RetailerNOW: What safety mechanisms are in place to keep employees safe?

JM: We start every day with an employee meeting at 7:00 a.m. and after two hours we take a 15-minute break. Two hours later we have lunch and two hours after that we have another 15-minute break. I remind our team members that if they need help, ask for it. Our two biggest safety issues are cuts with box knives and improper lifting. We can’t over-communicate the need to be safe but we can’t always predict an accident.

I do a safety walk every morning to make sure the floors are clean and safe. If it rained the night before, I make sure we don’t have any wet spots on the floor. When the forklift is in the aisle, they know to get out of the way.

Employees must wear proper shoes so that means no open-toe shoes, sandals or moccasins.

MG: All of our employees wear back protection and steel-toed shoes. We also have them all wear the same red shirts so they can be easily recognized and seen.

Because the bulk of our inventory is pre-owned, it is loose and not boxed. We have the inventory placed safely in racks.

RetailerNOW: What is the one thing you’re most proud of in your warehouse and what’s the one thing you wish it had?

JM: My employees are my biggest asset. We couldn’t do this without them. Seventy-five percent of them are cross-trained to do more than one job and that’s important to us. We have 40-50 employees nine months out of the year and we double that figure in the fourth quarter.

In terms of our warehouse operations in general, I’d love to see more automation. The technology is out there to help with productivity and shrinkage. I think our computer system is a bit outdated and improving it will be a benefit for us.

MG: If a reseller or an end-user were to come here and want to buy multiple loads of inventory, we have it for them and they can take it offsite immediately. Only one trip is needed. If we are dealing with global customers, they can have their order in a matter of days since we are so close to several ports.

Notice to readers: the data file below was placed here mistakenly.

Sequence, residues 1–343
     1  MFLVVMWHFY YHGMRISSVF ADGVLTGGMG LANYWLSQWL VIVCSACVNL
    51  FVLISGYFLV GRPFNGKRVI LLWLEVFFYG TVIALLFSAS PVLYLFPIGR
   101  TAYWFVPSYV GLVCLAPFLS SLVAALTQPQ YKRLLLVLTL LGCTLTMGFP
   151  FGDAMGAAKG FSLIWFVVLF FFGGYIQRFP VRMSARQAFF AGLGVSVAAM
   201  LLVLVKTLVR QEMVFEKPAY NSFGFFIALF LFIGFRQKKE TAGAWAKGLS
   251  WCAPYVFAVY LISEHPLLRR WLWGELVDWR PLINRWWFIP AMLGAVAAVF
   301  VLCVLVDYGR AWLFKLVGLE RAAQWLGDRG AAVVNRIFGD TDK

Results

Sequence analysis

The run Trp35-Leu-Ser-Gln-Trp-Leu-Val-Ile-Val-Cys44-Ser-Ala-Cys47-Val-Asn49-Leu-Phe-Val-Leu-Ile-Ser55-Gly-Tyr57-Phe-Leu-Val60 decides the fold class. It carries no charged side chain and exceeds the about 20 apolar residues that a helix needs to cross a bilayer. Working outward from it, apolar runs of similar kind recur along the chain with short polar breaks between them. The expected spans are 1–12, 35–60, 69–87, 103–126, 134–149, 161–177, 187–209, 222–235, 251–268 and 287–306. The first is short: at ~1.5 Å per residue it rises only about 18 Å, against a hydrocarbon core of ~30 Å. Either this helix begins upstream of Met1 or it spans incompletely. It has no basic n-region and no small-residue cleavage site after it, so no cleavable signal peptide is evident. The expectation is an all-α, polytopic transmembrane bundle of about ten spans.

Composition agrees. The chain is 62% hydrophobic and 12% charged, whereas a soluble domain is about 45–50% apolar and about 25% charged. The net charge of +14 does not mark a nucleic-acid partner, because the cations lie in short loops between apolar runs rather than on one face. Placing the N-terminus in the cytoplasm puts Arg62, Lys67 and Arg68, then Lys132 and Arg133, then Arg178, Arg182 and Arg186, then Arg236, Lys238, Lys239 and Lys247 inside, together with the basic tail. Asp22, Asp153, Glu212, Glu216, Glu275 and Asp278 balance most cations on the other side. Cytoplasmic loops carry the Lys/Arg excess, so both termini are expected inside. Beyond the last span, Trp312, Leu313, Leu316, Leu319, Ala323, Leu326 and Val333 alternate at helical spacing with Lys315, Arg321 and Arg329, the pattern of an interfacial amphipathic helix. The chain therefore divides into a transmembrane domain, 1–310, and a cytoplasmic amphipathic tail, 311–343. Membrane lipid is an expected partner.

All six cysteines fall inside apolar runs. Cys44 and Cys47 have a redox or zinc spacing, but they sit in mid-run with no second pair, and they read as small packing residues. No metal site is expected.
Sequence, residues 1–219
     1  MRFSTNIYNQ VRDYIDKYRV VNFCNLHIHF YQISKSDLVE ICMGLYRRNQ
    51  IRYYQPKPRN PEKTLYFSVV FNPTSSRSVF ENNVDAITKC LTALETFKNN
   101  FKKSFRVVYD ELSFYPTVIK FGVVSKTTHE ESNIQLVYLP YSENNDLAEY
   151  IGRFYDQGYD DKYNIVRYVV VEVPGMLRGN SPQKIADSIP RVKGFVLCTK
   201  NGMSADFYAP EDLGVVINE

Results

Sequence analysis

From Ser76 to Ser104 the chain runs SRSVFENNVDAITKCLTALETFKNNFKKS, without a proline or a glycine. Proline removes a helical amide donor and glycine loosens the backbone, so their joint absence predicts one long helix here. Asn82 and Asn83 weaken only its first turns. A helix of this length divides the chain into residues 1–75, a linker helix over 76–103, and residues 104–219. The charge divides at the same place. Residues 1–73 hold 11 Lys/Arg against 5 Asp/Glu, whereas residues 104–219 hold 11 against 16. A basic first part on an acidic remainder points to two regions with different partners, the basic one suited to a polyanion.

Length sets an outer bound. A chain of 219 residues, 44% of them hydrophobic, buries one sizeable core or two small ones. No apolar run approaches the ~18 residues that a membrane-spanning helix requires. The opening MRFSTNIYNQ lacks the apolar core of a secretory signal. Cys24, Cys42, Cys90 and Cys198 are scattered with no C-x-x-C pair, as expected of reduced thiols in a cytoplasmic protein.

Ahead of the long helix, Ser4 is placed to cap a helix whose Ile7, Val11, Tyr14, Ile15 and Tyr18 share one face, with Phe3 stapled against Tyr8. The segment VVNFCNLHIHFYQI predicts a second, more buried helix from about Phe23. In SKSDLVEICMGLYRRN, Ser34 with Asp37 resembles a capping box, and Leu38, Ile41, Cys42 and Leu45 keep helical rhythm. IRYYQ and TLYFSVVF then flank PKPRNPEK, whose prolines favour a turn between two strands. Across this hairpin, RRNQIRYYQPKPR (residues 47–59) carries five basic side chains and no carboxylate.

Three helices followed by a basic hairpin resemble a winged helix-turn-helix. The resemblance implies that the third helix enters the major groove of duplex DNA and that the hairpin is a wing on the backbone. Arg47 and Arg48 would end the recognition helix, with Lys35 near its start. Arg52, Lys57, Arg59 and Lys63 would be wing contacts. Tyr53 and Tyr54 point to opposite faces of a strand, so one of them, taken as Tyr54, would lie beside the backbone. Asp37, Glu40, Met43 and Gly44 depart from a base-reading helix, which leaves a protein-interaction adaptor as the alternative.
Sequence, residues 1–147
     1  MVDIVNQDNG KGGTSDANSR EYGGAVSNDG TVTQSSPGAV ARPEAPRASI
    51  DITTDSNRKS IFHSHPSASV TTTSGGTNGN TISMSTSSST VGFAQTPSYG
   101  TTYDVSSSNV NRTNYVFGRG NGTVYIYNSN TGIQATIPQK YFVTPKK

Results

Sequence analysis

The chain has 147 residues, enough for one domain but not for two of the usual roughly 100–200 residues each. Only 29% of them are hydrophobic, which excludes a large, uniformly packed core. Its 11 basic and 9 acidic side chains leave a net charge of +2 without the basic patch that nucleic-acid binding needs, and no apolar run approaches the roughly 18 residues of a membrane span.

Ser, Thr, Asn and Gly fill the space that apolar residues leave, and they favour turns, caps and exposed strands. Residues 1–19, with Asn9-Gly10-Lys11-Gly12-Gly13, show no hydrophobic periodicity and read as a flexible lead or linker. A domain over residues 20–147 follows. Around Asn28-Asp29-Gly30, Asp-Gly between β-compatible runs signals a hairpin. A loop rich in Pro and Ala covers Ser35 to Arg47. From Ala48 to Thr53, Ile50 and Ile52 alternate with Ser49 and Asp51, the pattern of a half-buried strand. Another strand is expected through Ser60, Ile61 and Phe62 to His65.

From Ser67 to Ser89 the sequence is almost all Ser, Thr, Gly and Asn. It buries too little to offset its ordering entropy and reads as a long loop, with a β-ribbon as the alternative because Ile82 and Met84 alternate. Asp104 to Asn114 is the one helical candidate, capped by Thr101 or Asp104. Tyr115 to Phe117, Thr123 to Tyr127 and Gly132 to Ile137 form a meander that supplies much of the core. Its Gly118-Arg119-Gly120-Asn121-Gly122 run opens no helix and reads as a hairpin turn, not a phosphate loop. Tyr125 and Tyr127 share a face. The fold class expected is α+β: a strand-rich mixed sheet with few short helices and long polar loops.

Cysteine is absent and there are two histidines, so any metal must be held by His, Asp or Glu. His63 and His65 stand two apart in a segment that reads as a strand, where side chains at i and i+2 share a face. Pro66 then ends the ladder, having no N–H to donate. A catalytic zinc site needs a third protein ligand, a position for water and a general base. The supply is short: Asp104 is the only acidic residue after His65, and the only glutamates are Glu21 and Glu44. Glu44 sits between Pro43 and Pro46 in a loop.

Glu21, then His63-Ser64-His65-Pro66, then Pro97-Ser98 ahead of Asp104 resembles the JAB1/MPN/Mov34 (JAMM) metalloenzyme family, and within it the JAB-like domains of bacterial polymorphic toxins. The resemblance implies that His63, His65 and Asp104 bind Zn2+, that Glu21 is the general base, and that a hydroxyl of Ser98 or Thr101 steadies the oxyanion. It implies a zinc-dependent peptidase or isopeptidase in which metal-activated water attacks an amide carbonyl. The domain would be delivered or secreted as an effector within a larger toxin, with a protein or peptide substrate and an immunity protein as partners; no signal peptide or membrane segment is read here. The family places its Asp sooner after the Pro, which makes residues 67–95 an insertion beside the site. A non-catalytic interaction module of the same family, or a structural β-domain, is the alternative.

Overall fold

By taking a more professional approach to the liquidation business, we have grown tremendously. We are proud of the fact that we own our property and equipment—no need to lease or rent.

JM: I convinced the owners to let us buy our own delivery truck for local deliveries to our best customers and we’ve delivered orders to two former presidents as well as some major VIPs. Sometimes some of our customers want the furniture delivered and placed in their homes before their husbands come home so the service is important to them. Having that delivery truck has been a huge advantage for us even though we’re not in the delivery business. It’s about providing an extra level of customer service you wouldn’t expect.

MG: NetSuite has definitely been our backbone. The system enables us to know in real time what our inventory position is within our warehouse and what’s in the sales pipeline. I love that everything is in one location so that anytime we need to pull information it’s right there. And we can be totally mobile, so that when we’re at a hotel site or corporate office, we can do transactions right on the spot.

I also wanted to add that by having our own department for furniture restoration, we can modify inventory to meet large customer needs. And by being in the restoration business, we are constantly in touch with our sources of supply since we are always doing restorations for them—this gives us an advantage in acquiring inventory before anyone else.